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Is Thorn the right man for the job?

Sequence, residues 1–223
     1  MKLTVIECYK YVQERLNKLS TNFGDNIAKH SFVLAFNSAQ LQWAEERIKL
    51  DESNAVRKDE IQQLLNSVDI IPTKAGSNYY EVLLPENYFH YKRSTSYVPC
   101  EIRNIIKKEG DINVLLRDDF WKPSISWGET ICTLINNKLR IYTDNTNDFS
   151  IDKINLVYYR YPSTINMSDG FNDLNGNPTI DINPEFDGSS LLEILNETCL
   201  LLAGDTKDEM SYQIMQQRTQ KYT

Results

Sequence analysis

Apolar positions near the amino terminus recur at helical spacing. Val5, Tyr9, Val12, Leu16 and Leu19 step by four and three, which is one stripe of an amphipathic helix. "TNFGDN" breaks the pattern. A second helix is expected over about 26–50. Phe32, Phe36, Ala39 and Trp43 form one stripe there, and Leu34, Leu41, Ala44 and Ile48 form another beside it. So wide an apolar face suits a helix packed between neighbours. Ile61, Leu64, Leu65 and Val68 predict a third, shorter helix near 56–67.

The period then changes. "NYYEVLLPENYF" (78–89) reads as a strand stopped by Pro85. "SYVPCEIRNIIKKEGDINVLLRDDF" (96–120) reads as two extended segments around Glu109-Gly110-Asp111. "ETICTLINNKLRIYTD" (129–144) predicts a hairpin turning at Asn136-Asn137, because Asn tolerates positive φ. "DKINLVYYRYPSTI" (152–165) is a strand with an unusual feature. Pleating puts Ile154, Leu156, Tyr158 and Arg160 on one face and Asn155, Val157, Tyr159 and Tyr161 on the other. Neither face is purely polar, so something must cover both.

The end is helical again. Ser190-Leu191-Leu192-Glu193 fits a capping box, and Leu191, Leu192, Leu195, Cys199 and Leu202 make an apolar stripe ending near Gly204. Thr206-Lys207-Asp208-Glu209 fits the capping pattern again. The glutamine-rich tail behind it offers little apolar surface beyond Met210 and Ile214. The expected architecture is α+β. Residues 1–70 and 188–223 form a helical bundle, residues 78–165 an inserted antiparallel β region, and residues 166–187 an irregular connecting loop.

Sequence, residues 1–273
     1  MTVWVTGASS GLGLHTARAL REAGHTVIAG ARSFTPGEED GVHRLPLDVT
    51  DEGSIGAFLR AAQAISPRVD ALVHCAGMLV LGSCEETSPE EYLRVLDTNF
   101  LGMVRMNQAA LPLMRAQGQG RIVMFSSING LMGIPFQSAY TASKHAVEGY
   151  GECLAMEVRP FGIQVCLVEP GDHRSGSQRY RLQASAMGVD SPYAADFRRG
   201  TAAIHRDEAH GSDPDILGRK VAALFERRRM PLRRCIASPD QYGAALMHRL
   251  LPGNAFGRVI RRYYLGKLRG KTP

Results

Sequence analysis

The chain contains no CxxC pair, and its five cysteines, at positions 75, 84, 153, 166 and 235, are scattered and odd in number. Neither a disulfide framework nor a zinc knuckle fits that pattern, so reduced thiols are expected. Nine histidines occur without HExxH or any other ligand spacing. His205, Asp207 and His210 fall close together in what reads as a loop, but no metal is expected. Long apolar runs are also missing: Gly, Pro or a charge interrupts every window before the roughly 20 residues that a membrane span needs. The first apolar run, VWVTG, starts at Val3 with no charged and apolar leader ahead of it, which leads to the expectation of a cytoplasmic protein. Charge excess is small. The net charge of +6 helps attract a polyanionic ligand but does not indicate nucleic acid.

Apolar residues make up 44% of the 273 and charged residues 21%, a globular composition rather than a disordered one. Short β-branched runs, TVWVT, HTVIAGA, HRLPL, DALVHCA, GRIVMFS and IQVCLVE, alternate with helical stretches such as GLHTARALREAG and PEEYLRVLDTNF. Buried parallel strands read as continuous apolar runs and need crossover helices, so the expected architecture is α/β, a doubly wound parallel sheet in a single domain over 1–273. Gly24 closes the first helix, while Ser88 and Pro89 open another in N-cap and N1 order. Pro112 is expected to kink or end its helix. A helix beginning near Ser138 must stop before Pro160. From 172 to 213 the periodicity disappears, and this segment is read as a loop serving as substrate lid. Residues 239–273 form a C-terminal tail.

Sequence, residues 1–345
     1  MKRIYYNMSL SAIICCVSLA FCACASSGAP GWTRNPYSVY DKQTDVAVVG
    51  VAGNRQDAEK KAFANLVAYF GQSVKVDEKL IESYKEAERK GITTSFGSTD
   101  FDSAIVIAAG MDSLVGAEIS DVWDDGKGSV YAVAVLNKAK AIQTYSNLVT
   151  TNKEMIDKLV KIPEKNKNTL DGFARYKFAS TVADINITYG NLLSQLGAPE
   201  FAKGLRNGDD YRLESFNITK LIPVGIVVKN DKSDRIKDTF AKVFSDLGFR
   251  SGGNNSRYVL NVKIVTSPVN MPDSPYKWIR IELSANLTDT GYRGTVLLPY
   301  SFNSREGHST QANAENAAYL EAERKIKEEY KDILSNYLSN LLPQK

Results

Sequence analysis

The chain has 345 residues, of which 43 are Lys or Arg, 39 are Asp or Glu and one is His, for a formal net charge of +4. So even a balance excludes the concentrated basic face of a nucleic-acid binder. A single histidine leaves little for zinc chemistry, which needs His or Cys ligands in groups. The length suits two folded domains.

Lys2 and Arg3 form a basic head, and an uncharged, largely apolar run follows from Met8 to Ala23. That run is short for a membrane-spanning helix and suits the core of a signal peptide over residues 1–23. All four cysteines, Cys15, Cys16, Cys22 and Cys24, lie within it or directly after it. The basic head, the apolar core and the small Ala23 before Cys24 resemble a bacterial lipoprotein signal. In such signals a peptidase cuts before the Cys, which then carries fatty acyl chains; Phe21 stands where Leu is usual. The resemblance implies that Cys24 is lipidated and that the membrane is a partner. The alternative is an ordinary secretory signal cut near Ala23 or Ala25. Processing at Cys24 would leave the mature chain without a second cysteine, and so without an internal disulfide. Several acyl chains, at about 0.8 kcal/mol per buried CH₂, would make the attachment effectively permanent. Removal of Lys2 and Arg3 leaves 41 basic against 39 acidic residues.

17 Apr 2011 12:40:44

Is Thorn the right man for the job?